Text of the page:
Her Madeline is a seemingly simple character with a wealth of complications beneath her surface. She's a woman with an all-too-real desire to convince her neighbors and family that everything is fine. Madeline is on her second marriage and struggling with raising an older daughter who's in the dregs of her teenage years and a younger daughter who's already too perceptive for her own good. She constantly runs into her ex, who parades around town with his new younger wife clearly looking to rub it in Madeline's face. Witherspoon channels a defensive combatant bluster into Madeline, an abrasiveness that keeps people at too great a distance to see how close she is to crumbling. It's a remarkable performance in a show already chock-full of them.

Idris Elba's Luther is an absolute juggernaut

When Hollywood came calling, Idris Elba (of Pacific Rim, Thor: Ragnarok, and others) easily could have stepped away from his role as police detective John Luther in the BBC series Luther. He hasn't. The show has, amidst Elba's ascent as a movie draw, continued on, a clear testament to how much he enjoys playing the character. It makes perfect sense, as Elba's Luther is by far the most compelling role he's ever taken on — and a forum for some of the most consistently great work of his career.

John Luther is a bull in a china shop. He's a ruthless, violent detective with anger management issues and a disregard for any authority that isn't his. He'd probably be a villain if he weren't so dang cool. That might be what's most impressive about Elba's performance as Luther. In addition to tackling such a wide array of dark emotions, he never forgets to make Luther the coolest cop on TV. From his icy demeanor to his trademark tweed jacket, you can't help but wanna be him — save for the anger management issues and constant barrage of tragedy, that is. 

Jon Bernthal proved that with the Punisher, the fourth time's the charm

Any man stepping into the role of Frank Castle faces an uphill battle. He's a complicated character in any incarnation, less superhero than vigilante, less a symbol of hope than a force of nature. There's also a lot of danger in taking a guy who ruthlessly murders any wrongdoer dumb enough to cross his path and playing him as too fun, too good, too likable. Jon Bernthal is not any man — he's a remarkably talented actor who succeeds where Dolph Lundgren, Thomas Jane, and Ray Stevenson have failed. He pulls off playing the Punisher.

The series balances insight into the Punisher's mindset, life, and tragedy without forgetting to point out that his whole "trauma-ravaged madman who shoots people with big guns" schtick isn't exactly aspirational. That said, the series is written from the Punisher's point of view, and as such, he can't be so repulsive that audiences tune out.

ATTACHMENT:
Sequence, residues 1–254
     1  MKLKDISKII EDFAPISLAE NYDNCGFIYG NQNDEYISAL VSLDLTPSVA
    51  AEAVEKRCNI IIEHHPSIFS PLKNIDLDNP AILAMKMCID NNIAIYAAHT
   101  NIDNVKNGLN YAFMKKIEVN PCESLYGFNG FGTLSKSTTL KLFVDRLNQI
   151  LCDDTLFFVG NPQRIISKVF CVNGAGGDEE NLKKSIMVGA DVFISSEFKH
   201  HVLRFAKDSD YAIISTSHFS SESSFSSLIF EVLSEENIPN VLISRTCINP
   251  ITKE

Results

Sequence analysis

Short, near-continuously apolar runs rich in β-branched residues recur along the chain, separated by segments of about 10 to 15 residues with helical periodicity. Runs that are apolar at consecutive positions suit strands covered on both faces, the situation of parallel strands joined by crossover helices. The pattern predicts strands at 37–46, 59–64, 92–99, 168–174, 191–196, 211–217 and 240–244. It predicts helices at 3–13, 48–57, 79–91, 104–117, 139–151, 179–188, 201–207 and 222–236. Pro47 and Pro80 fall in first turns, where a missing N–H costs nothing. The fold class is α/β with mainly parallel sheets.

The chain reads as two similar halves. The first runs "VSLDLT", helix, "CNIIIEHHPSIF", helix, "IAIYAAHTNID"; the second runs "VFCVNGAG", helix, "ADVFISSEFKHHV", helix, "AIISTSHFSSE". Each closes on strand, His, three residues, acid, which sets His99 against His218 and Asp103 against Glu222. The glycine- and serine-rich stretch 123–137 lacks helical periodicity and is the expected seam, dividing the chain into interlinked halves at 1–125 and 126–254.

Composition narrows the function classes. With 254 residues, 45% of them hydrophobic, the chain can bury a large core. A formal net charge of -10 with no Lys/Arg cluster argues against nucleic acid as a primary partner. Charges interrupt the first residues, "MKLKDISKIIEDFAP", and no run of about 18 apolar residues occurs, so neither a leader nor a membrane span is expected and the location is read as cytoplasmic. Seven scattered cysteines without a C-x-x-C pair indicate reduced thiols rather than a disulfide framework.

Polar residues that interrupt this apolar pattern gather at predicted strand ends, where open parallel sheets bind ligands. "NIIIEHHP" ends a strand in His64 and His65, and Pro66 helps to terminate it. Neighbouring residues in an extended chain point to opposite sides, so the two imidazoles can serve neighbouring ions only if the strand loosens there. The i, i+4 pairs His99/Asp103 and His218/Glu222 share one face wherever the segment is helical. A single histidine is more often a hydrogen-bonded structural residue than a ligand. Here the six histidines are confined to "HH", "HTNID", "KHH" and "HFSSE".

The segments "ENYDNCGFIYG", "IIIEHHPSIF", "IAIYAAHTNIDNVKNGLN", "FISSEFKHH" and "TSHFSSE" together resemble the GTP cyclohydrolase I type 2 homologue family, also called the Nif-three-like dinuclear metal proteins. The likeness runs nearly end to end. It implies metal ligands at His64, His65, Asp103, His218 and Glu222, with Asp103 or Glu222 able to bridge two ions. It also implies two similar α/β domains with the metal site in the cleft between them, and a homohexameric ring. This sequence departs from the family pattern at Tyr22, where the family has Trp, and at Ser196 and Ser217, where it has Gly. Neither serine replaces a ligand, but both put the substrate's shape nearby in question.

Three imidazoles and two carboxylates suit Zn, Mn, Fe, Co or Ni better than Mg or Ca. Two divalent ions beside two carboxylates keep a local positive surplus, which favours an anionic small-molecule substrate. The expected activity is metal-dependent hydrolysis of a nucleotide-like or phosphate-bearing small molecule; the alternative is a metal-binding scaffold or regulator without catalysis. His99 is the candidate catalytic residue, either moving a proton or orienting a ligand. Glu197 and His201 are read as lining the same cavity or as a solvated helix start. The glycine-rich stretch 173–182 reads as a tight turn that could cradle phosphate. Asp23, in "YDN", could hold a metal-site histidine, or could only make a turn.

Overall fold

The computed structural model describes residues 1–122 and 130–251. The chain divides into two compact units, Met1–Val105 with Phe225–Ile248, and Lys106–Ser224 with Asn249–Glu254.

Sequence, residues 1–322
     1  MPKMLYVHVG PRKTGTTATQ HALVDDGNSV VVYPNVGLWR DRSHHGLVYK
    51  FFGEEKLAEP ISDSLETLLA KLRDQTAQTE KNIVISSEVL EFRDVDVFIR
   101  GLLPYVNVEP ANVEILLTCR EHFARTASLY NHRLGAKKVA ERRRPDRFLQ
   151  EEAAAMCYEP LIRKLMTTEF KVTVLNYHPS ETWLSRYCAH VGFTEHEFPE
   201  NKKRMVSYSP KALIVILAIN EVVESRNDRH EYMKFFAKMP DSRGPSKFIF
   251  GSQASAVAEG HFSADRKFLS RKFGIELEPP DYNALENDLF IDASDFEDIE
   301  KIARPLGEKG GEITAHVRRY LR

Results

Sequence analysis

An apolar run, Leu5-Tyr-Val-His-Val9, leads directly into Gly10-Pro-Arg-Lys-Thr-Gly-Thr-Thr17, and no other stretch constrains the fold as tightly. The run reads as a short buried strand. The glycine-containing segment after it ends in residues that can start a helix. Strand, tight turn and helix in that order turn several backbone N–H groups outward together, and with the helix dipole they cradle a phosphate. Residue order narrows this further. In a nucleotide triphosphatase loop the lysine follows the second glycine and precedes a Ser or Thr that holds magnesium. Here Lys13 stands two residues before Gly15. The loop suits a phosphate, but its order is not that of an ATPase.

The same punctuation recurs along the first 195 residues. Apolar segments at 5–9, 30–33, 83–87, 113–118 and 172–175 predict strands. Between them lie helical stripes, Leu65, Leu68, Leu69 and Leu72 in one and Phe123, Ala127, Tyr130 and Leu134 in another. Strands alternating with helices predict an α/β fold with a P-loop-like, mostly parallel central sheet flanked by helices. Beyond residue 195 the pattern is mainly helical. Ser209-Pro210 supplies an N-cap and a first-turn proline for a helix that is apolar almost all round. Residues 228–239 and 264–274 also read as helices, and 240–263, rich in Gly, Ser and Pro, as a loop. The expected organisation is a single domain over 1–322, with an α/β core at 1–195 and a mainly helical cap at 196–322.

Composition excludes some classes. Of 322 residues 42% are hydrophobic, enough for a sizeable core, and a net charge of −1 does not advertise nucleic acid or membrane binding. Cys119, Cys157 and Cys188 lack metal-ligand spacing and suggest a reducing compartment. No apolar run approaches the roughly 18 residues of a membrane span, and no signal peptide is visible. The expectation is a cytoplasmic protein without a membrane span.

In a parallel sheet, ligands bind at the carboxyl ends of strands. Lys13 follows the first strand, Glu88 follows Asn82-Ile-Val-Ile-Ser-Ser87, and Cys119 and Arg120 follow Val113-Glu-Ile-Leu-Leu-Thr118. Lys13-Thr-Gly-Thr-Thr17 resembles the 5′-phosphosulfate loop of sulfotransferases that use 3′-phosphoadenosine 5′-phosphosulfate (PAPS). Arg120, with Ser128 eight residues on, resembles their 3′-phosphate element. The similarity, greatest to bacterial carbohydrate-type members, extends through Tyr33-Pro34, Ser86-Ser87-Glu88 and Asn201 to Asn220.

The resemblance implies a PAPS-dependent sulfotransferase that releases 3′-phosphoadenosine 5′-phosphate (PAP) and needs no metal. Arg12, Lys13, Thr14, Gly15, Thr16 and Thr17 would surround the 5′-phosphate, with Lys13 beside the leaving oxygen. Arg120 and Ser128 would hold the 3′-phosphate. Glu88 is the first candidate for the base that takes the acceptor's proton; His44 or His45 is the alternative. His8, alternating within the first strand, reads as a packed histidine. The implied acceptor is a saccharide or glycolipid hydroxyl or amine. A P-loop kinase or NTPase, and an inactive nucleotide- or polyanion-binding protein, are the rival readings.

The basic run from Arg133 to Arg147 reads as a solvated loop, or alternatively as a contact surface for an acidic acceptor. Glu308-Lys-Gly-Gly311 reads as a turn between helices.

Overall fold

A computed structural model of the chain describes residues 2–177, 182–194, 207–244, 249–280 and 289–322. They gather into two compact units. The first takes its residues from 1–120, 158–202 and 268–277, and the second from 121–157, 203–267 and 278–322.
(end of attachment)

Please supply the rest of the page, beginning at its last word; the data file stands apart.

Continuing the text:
Bernthal walks that tightrope perfectly. His take on Castle is more sad than anything. He's scary and brutish at the right times, but at all times there's a lingering heartbreak, a grim and thunderous cloud hanging over Bernthal's head. In the series' closing arc, Frank is told of the concept of a Memento Mori, a reminder that even powerful men die. As he finally exacts his revenge on the man who set him up and killed his family, Bernthal gutturally grunts, "I'm a reminder." It's about as perfectly performed a Punisher moment as there will ever be. 

Timothy Olyphant gave us a modern-day cowboy

It's been a long time since the era of Bonanza and Gunsmoke had westerns ruling the TV airwaves. Make no mistake, though, we still love a good cowboy. They're fewer and further between these days, but there's nothing like a TV show about a bona fide old-school gunslinger. No show has updated that classic archetype to the modern era quite as well as Justified, which features Timothy Olyphant as Raylan Givens, a U.S. Marshal whose cowboy ways don't stop at his hat and southern drawl.

The show follows Raylan, originally created by legendary crime novelist Elmore Leonard, as he's forced to relocate to his hometown of Harlan, Kentucky after a shootout gone wrong in Miami. Aside from taking on criminals of all sorts, Raylan is confronted with old friends, enemies, and family ties he's made every effort to escape since leaving. Underneath the cowboy cool demeanor and quick draw, Olyphant instills a simmering anger in Raylan, one that's amplified by how well Olyphant performs the character's quieter moments. We love a classic western shootout, but Raylan is never more engaging than he is when talking to his ex-wife, his antagonist Boyd (played immaculately by Walton Goggins), or confronting his father. Olyphant brings equal charisma and empathy to a character that could be a one-note gunslinger. Instead he delivers one of the most memorable TV performances — and easily the greatest cowboy character — of television's modern era.